Two Human Truths about Hot-State Decision Making

Aaron Reid
Ph.D. Chief Behavioral Scientist, Sentient Decision Science

Understanding hot-state decision making can provide a significant short-term boon in purchase behavior. But ethically, and from a long-term business health perspective, we don’t want to sacrifice long-term consumer satisfaction for short-term reward.

The first note of solace on the ethical front is this: people do not respond emotionally to things they don’t value. Thus, if a consumer is responding emotionally to your product, it is because the value for that product is inherent in the consumer. The debate on consumer values, and the attempt to influence what consumers actually value, is better left to be battled on the socio-cultural level.

Consumer values are influenced heavily by culture and that cultural influence is in a continual state of evolution. For instance, in the U.S. there is currently a growing cultural value for sustainability and care for our natural environment. As the culture exerts its influence on the consumer, the emotional response to products and services that align with sustainability and environmentalism heightens, and the market then has a sure sign that these values are increasing in importance for consumers.

Thankfully, most enterprises are in the business of providing products that consumers value, rather than imbuing consumers with values. Those values are largely coming from external sources.

Second, from a business model perspective, a short-term visceral delight that is followed by deep post decision regret does not have any legs for sustained business growth. We do not want to induce regret in a consumer base whom we’re hoping will praise and recommend our products in the marketplace. This creates an interesting challenge for the marketer and product manager. How do we capitalize on hot-state decision making while simultaneously delivering a satisfying experience? Two basic human truths help answer this question and serve as guides in implementing hot-state decision making in your initiatives:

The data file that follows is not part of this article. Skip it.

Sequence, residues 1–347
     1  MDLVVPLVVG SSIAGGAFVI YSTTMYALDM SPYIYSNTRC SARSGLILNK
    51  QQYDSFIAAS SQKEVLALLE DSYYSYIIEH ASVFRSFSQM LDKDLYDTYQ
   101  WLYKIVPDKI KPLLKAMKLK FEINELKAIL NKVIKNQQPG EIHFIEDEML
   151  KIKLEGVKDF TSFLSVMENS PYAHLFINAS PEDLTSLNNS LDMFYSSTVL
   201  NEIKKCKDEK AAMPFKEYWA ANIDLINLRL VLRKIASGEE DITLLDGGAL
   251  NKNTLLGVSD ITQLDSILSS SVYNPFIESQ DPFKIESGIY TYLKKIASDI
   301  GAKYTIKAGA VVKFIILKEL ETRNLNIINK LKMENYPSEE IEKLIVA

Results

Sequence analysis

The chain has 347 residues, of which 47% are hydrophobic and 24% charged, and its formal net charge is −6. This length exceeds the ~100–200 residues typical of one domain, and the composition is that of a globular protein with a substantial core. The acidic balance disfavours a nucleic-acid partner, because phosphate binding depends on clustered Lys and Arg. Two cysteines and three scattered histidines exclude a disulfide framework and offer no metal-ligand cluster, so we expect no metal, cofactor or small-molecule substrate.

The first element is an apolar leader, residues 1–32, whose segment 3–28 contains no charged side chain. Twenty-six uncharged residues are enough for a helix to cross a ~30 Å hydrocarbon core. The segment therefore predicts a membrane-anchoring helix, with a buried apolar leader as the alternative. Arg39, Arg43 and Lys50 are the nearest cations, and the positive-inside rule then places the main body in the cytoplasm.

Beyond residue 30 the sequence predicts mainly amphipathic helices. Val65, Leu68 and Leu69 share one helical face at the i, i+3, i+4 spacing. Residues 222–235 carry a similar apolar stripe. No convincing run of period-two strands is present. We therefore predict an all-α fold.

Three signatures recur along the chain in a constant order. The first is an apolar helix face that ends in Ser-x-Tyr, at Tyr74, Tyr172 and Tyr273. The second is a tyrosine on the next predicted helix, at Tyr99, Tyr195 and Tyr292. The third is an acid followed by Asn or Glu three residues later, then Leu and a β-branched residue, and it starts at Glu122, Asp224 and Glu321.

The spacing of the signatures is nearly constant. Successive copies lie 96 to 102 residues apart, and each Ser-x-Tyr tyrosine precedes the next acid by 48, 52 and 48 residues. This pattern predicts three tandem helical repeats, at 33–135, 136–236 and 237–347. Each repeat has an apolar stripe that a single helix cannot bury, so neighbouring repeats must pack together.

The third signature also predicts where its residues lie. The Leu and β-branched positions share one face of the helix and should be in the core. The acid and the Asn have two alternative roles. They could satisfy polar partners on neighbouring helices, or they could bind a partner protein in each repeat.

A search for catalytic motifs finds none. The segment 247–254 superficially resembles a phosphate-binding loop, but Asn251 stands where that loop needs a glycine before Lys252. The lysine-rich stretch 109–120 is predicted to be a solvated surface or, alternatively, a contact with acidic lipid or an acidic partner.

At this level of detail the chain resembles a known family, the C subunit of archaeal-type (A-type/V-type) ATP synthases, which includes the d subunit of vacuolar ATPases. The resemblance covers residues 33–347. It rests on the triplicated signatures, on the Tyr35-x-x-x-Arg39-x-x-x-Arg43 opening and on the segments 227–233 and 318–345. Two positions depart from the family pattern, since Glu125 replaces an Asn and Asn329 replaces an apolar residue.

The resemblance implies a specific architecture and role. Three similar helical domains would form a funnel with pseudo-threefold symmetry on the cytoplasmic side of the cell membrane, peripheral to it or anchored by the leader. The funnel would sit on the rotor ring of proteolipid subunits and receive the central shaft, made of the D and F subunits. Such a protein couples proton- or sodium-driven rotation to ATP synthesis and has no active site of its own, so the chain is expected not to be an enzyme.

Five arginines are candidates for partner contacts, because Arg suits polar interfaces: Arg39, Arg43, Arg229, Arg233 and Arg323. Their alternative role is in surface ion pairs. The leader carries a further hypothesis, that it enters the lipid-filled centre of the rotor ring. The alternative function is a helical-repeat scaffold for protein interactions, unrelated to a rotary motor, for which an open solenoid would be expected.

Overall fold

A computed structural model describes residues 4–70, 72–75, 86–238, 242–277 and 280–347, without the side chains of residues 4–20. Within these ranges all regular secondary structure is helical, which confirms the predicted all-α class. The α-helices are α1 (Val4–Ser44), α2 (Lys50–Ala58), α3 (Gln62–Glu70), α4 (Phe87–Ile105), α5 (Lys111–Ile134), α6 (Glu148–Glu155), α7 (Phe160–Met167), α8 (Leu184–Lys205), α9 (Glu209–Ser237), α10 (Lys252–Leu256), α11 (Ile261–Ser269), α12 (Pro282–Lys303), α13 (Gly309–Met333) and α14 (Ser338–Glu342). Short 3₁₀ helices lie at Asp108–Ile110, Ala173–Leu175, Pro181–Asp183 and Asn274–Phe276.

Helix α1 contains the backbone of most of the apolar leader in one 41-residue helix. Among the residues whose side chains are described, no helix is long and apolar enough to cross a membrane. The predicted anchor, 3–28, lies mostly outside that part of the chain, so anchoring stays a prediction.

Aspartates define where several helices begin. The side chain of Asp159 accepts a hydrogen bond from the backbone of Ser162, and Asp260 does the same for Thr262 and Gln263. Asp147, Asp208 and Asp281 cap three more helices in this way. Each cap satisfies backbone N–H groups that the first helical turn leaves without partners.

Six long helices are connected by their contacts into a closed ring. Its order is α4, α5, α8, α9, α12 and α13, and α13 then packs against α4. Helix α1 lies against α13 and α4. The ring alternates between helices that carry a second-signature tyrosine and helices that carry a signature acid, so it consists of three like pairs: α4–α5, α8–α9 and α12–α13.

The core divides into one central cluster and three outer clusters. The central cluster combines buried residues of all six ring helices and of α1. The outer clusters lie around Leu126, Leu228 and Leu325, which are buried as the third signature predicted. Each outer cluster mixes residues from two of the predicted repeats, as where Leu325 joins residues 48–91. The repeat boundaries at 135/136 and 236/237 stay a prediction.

The first truth is that not all hot-state decision making is in conflict with long-term goals. In fact, inducing hot-state decision making within a context that is consistent with long-term goals is the perfect storm: you create immediate consumer delight without any lingering post-decision regret. Hot-states can be aroused in relation to long-term values, just as they can be for short-term visceral delight: all that is required is the evocation of emotion. Thus, if consumers are passionate about certain long-term values, then you can be sure that activating goals related to those values will arouse consumer emotion.

As an example, consider again the rising cultural values of sustainability and environmentalism. These are concepts that arouse a lot of emotion in certain segments of the population. From a hot-state decision making perspective this is ripe for capitalization.

If you offer a product or service that is consistent with these values, you are in a unique position to capitalize on hot-state decision-making while simultaneously delivering on consumers’ long-term values. Marketing that raises the salience of consumer environmental values will heighten in-the-moment arousal.

Delivering a product that satiates that desire produces an immediate sale that simultaneously avoids post-decision regret because it is in line with long-term values. This maximizes pleasure and minimizes pain.

If you are a marketer or product manager, you can put this first human truth to use by answering the question: which of my product benefits arouse emotion in the short-term while also arousing emotional satisfaction in the long-term?

The second truth is that the human condition is characterized by a constant state of reconciling short-term decisions with long-term goals. On a daily basis, consumers are faced with decisions that satisfy short-term needs while compromising long-term values. To reconcile these conflicts, consumers conduct a “mental accounting”, not allowing themselves to get too far afield from their ultimate goals. Consumers do this in two ways.

First, when consumers feel too deviated from those long-term goals, their decision making realigns naturally with those goals because they begin to feel greater emotion for choice options that put them back in sync with their long-term values. Second, consumers use post-decision justification to reconcile their short-term choices with their long-term goals. We call this justification “cognitive recalibration.”

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